Importantly, the Full Bench also held that an employee who commences their relationship as a casual can later become part-time or full-time “because its characteristics have come to reflect those of an ongoing part-time or full-time employment”. It was stated that although a casual employee is paid casual loading, this will not be a determinative factor of whether the employment is casual but speaks of the intent. Instead, consideration is required to look at whether the casual relationship has been put into practice and if achieved, has been maintained.

It became evident that Mr Skene’s pattern of work was regular and predictable, continuous and not subject to significant fluctuation in circumstances where there was plainly an expectation that Mr Skene would be available, on an ongoing basis, to perform the duties required in accordance with the 12 months roster set in advance. In conclusion, the Full Bench found that Mr Skene was entitled to annual leave and this entitlement should have been accrued by WorkPac and paid upon termination of his employment notwithstanding the fact he had signed a casual employment contract and had received the casual loading.

It is notable that in adopting this approach, the Full Bench has effectively overturned previous decisions in this area which had indicated that if an employee was engaged as a casual in accordance with the terms of the applicable industrial instrument and paid a casual loading, they could generally be considered a casual employee, notwithstanding their actual working arrangements or pattern of work.

The key takeaway from this decision as it stands is that if an employee has a regular and predictable pattern of work with an expectation of ongoing engagement, they may well (and it now appears likely) be considered a permanent employee as opposed to a casual employee.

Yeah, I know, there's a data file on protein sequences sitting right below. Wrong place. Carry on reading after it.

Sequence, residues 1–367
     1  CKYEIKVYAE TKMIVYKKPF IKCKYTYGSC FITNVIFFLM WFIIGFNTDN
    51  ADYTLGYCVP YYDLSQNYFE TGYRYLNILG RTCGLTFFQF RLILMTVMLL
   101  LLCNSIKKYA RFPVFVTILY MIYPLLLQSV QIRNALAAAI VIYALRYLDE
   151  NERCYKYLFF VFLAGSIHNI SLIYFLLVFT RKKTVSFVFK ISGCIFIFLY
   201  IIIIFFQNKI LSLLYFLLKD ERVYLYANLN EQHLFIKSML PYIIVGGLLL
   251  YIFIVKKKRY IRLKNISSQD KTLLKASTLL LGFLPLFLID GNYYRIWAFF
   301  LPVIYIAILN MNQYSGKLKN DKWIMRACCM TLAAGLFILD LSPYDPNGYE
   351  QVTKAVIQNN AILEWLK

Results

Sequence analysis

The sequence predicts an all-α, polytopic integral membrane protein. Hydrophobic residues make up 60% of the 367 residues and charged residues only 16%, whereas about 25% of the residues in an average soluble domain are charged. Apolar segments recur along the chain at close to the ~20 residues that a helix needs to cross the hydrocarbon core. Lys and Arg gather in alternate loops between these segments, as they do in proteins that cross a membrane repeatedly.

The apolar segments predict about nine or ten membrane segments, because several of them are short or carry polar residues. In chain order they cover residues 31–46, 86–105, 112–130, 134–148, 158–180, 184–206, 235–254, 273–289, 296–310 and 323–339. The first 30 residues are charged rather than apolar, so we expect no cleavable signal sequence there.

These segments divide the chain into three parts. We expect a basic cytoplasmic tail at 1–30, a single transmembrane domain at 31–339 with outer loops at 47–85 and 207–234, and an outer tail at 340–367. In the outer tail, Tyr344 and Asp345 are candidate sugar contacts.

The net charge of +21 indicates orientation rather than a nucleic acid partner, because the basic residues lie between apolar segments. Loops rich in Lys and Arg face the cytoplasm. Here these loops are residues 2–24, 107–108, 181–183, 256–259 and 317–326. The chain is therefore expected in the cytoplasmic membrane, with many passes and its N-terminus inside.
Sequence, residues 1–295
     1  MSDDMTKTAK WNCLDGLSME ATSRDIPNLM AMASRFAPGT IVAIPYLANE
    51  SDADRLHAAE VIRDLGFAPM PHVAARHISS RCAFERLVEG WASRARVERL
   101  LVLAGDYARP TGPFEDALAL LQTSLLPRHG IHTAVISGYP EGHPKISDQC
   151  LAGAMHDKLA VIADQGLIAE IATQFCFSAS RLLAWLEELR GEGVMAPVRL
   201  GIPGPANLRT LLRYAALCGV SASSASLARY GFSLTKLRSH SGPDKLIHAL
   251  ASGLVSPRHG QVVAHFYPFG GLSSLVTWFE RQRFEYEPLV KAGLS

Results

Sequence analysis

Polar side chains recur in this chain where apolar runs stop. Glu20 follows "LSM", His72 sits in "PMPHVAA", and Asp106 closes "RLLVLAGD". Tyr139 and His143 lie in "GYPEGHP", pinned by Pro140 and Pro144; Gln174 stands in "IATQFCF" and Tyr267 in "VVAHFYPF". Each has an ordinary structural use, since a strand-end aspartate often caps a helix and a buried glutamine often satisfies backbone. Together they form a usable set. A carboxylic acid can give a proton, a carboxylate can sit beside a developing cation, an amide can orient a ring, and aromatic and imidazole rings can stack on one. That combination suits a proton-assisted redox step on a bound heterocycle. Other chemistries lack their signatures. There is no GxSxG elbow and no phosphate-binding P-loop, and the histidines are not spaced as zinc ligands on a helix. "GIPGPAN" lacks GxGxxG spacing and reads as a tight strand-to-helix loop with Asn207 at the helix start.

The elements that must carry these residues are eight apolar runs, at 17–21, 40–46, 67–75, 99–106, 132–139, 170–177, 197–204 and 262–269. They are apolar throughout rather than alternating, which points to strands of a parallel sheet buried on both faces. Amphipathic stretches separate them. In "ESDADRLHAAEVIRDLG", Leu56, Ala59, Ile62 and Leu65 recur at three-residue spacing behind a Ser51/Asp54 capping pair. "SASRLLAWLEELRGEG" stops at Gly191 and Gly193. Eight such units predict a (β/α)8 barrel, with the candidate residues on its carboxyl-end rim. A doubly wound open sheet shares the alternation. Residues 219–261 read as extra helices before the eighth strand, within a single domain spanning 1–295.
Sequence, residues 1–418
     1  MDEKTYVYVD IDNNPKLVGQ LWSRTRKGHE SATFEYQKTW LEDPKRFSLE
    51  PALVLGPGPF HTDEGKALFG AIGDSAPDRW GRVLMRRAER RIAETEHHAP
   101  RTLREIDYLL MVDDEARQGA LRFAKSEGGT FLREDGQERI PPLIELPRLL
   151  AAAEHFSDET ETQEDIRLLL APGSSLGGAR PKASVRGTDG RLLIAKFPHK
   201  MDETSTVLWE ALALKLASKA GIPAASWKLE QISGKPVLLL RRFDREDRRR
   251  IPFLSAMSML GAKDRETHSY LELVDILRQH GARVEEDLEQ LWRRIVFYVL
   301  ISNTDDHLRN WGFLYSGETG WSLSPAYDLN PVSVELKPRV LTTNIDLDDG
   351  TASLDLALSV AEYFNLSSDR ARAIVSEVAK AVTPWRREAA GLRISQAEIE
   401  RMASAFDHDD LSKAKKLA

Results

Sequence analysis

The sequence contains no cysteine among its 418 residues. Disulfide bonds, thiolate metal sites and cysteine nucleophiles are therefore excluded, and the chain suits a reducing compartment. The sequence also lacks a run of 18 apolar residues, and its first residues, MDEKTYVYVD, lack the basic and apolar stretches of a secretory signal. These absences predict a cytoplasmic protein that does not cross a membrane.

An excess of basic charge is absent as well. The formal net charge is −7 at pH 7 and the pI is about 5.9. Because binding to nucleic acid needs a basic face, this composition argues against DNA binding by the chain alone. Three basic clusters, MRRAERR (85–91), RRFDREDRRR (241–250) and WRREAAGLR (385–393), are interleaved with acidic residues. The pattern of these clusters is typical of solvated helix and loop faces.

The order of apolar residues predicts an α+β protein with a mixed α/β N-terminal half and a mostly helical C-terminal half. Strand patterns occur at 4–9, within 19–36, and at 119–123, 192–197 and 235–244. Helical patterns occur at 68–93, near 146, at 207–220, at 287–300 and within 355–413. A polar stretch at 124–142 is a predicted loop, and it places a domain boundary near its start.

In light of this decision, a number of employer groups have voiced their concerns in relation to casual workers “double dipping” by claiming annual leave on top of their casual loading. As a result, employer groups are pressing the government to provide a legislative fix to the precedent this decision has now created. Many expected WorkPac to appeal the decision, however, the deadline to appeal has now passed and it seems WorkPac did not file an application to apply for special leave to the High Court  in order to appeal the decision.

Other risks

In addition to the significant risk the decision in Workpac has now created for employers who have long term casual employees, it should also be noted that long term casual employees with reasonably predictable hours and an ongoing expectation of work, have the right to bring an unfair dismissal claim in the same was as permanent employees.

Lessons for Employers

As a result of the above decision, a large number of employees currently described by employers as ‘casuals’ could in fact be permanent. This may have far reaching consequences leaving Australian businesses facing the potential of significant liabilities for the back payment of entitlements arising from the engagement of casual employees.

If your business currently employs a casual workforce, we recommend you consider the following:

  • Review the definition of ‘casual’ in any modern award or enterprise agreement applicable to your business;
  • Review your current casual workforce to ensure those employees are genuinely casuals;
  • Continue on an ongoing basis to review your casual engagements to ensure they do not develop into a part-time or full-time relationship;
  • Consider whether it may be appropriate to offer permanent employment to long-term casual employees;
  • Review your current rostering system and ensure casual employees are not working regular systematic hours over an extended period of time; and
  • Ensure you have well-drafted casual employment contracts in place which clearly outline the nature of the work and that the casual employee will be paid a casual loading in lieu of the ordinary employment entitlements and benefits enjoyed by permanent staff.

If you wish to discuss any aspect of this article or require specialist advice or assistance in relation to an employment law matter, please do not hesitate to contact us.

This alert is not intended to constitute, and should not be treated as, legal advice.